Week One: The Oozing Begins

I am now into the third month of my clinical trial for poziotinib. After the first two months, I had to take two weeks off for recovery from the rash it gave me. I am, however, glad to be back on the drug for the very simple reason that it was effectively killing the cancer within me. That is not a claim I make lightly, or, sadly, have had reason to make much at all over the past year.

When I was first put on chemotherapy back at the end of 2014, it was because there were no targeted therapies or immunotherapies available, either on the market or through clinical trials, that were likely to work for me. Chemo seemed to be the only option and, in some ways, it felt like a last-ditch effort. My tumor was considered inoperable, the metastasis had spread too far and wide, and radiation was not even being presented as an option.

While I was primed for a limited response and the possibility that I might only get a few months extension from the process, it turned out that chemo kind of worked for me. It worked well enough, in fact, that I would stay on it for over two and a half years — most of that time, simply keeping the cancer growth in stasis. There was talk of the possibility of being on that drug for five or more years at one point, but not long after the two-year mark I began to notice small changes in my scans. Very small, but changes, nonetheless.

I had plenty of time to think about options. And I knew that chemo was never going to be a permanent part of my life. There had been the hope, however, that it would keep things more or less static for a much longer time. I’m not a fan of hope — it always lets you down in the end, sometimes viciously; I far prefer a simple, pragmatic approach to my future. But hope sneaks in, lodges itself where you weren’t looking, and waits to insinuate itself in your private thoughts while you aren’t paying attention. Then you have a scan that clearly shows a shift in the primary tumor, a dramatic enough change in shape that it would be silly to even consider prolonging the current treatment, and all bets are off as talk of new biopsies and possible drugs begin to swirl through the air. No matter how prepared I thought I had been for that moment, I failed to consider hope mucking up the works.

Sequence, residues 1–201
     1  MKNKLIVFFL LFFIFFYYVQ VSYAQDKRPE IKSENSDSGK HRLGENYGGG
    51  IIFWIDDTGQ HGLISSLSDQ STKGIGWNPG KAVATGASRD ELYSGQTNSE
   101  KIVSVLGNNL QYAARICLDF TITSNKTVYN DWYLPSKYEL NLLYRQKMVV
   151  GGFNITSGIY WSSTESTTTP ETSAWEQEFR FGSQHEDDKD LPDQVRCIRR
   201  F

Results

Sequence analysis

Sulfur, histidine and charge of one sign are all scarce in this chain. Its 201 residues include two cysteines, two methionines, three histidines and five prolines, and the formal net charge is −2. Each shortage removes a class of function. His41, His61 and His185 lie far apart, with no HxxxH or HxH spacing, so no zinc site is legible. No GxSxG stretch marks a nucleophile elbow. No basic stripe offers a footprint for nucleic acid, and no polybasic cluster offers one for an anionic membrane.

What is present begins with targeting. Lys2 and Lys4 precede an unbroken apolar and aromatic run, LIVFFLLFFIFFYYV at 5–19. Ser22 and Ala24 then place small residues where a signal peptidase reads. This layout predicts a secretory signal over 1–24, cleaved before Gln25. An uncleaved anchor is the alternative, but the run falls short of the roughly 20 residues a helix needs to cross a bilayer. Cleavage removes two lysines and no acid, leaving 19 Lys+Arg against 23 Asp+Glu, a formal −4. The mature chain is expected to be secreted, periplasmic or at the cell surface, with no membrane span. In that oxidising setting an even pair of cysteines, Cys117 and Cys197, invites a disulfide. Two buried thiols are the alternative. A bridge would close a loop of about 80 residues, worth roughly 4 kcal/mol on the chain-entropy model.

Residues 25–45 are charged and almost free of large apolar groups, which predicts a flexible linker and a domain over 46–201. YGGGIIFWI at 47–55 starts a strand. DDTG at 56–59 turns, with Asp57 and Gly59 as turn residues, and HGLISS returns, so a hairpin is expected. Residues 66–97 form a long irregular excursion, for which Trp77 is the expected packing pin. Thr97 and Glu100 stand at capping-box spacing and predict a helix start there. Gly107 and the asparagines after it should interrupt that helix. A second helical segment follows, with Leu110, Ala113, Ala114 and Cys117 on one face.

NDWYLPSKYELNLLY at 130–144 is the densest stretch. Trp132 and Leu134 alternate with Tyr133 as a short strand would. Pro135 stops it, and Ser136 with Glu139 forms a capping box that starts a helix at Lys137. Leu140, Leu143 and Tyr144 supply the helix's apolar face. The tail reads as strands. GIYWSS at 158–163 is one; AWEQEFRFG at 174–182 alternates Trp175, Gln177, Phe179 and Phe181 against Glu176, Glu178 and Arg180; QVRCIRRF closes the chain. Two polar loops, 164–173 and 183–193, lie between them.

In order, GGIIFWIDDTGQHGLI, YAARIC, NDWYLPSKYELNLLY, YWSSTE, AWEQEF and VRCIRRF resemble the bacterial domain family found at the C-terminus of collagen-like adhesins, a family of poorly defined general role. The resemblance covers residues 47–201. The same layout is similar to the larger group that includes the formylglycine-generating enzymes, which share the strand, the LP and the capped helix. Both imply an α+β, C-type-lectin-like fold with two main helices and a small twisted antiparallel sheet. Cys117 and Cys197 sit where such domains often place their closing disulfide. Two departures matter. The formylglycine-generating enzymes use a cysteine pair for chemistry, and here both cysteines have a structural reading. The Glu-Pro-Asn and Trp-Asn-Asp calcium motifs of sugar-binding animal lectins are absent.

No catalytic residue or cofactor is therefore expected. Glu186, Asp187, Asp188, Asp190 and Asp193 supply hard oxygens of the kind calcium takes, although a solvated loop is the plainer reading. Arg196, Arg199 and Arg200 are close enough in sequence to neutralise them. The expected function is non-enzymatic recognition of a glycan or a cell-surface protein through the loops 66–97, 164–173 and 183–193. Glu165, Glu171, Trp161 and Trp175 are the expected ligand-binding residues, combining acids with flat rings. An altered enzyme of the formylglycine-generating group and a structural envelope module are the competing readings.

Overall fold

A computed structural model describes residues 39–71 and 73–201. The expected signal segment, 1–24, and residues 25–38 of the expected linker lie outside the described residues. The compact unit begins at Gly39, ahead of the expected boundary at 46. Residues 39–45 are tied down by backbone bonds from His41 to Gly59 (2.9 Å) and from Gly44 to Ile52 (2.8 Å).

Still, there were options — and they all sounded good. Or at least passable. A liquid biopsy — essentially just a small blood sample sent off to a lab — offered up a newly targetable mutation. And we went for it. A couple of times. And had no real success. Then there was this clinical trial I am currently on, and there was clear improvement in my lungs. By “clear,” I actually mean “clear,” too: previous to this new drug, the cancer in my lungs had been branching out, cloaking the tissue in what almost looked like a black widow’s web. My latest CT scan was the clearest one I have seen since my diagnosis.

So when I say that it was effectively killing the cancer within me, I mean it, and the statement means something to me. Something very special. Something that has made me ready to dive right back into the acid bath that was my first eight week experience, though with the hope that I’ve built up some level of tolerance and that the acid might have been slightly neutralized by knocking a couple of milligrams off my dose.

Here I am on day seven, only one week, and the rash is clearly running the same basic course that it did before. My scalp hurts, albeit probably a little less. I’m glad that I had the foresight to chop off my hair and shave before the rash had a chance to return. Even so, my short little hairs on top of my head are already weirdly wiry and stiff, the texture that contributed to a lot of the pain I had before. Rubbing up against them, they poke right back into my scalp like little needles, which does not bode well for pleasant sleeping regardless of the supposed comfiness promised by my pillow. Still, having much less of that hair to contend with, and almost nothing left of my beard, has already paid off.

Being proactive with the creams and oils and gels and lotions and drops and sprays and whatever else I have amassed on my bathroom shelf is also helping… I think. It is a bit early to tell, but so far I am managing to maintain more of my actual skin color and I do not itch nearly as much as I feared I might. Time will tell, of course, and the rash is marching on.

It only took six days to really begin erupting. Last night I realized that I needed to cover my pillowcase with an old T-shirt again, just in case. And I woke up with spots of blood and pus all over where my scalp had pressed into it. Scabbing had begun in earnest, already crusty when I went in to wash the sleep from my face. And the warm water I splashed cut up against my skin like little razors doused in lemon juice. But it was a quick sensation, over by the time I blotted the moisture away with a clean towel. And that towel then quickly thrown in the next load of laundry.

Today, I am oozing. Tomorrow, I am likely to be dry and scaly, or oozing some more, or, if I am lucky, something in between. My skin is still soft, and I will try to keep it that way. But more than any of that I am simply holding out that old demon, hope, once again, that the scientific miracle I witnessed on those last two scans will be repeated again.

And now, my week in pictures:


 

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